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January 11, 2012

Queiro says education is equal to football

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Tom Bergeron is the Senior Editor for RivalsHigh.com. Send ideas, questions or comments to TBergero@Yahoo-Inc.com and follow on Twitter.

Among the list of the schools the star football player in the Northeast indicated had interest in him was one that particularly stood out:


"I come from a family of overachievers," Oradell (N.J.) Bergen Catholic receiver Kyle Queiro said with a laugh during the U.S. Army National Combine last week in San Antonio, Texas.

His talent in the classroom - or on the football field - is no joke.

His size (6-3, 185), speed (4.5) and hands (5 TD catches) make him an ideal Division I football player. But his nearly straight-A average in his many honors courses make him an ideal Ivy League student.

Queiro, a member of the Class of 2013, said he'll be looking for a school that can handle both when his recruiting process picks up next fall.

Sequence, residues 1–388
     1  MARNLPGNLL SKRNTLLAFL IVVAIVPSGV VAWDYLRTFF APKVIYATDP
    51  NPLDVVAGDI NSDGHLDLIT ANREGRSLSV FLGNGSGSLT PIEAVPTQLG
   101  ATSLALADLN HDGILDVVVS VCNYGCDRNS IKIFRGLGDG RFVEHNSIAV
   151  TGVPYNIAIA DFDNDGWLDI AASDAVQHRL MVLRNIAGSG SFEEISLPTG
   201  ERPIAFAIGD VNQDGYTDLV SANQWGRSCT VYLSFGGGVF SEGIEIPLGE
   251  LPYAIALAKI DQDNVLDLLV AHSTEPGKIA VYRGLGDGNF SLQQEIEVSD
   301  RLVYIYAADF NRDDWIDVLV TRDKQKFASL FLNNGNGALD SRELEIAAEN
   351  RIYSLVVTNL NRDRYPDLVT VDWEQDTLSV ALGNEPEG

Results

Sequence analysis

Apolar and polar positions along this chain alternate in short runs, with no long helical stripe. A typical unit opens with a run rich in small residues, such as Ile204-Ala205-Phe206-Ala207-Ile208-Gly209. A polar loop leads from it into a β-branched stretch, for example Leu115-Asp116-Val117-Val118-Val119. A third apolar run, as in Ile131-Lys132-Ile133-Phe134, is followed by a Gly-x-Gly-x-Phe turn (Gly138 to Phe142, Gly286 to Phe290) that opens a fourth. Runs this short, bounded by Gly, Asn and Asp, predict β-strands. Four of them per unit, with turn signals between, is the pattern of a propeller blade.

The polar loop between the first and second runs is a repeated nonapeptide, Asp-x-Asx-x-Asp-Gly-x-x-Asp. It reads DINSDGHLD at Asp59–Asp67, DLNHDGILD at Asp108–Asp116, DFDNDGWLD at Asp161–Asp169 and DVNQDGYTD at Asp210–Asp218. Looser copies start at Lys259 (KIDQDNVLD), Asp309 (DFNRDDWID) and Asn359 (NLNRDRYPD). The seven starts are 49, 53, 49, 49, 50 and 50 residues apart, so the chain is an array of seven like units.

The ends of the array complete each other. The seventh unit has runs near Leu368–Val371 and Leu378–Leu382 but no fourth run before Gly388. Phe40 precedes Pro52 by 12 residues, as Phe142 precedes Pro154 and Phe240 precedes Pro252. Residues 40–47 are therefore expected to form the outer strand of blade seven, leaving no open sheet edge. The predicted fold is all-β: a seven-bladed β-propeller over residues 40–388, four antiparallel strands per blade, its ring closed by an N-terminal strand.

"It's a 50-50 split between football and education," he said.

Education, he said, always has been pushed in his home. And he's fine with that. After all, he knows starting his own business may be a more realistic goal than starting in the NFL.

"I know the value they place on education," he said. "But that's OK, I do, too."

Queiro is eager to use his talents on the field to get into the best business school possible.

"Football is an avenue to an education," he said "You should use football to get the best education possible."

Quiero admits it bothers him a bit when he hears other kids at events such as the national combine talk about potential schools without actually talking about the school part. But, he said, he never tries to preach the value of education - except when talking to his sophomore brother Cameron.

Besides, at events such as this, he's more concerned about football - hoping to learn something that will help him solve the ultimate riddle: How do you beat rival Ramsey (N.J.) Don Bosco Prep?

"We feel like we're getting better," he said.

Indeed. Bergen Catholic has fallen to Don Bosco four times in the past two seasons - including back-to-back state finals - but two of those games were competitive.

With most of the starters from this year's team returning, Bergen Catholic may have a chance.

Beating Bosco, he said, would be the ultimate. At least on the football field.

Pittsburgh NEWS


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